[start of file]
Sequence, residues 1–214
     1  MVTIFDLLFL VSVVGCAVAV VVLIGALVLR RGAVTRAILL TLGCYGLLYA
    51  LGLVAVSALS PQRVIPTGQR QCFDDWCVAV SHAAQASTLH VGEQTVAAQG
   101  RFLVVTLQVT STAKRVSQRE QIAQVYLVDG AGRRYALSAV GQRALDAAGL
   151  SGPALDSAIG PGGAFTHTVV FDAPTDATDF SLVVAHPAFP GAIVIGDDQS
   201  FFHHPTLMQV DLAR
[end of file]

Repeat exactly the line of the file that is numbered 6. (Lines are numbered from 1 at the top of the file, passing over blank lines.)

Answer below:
   201  FFHHPTLMQV DLAR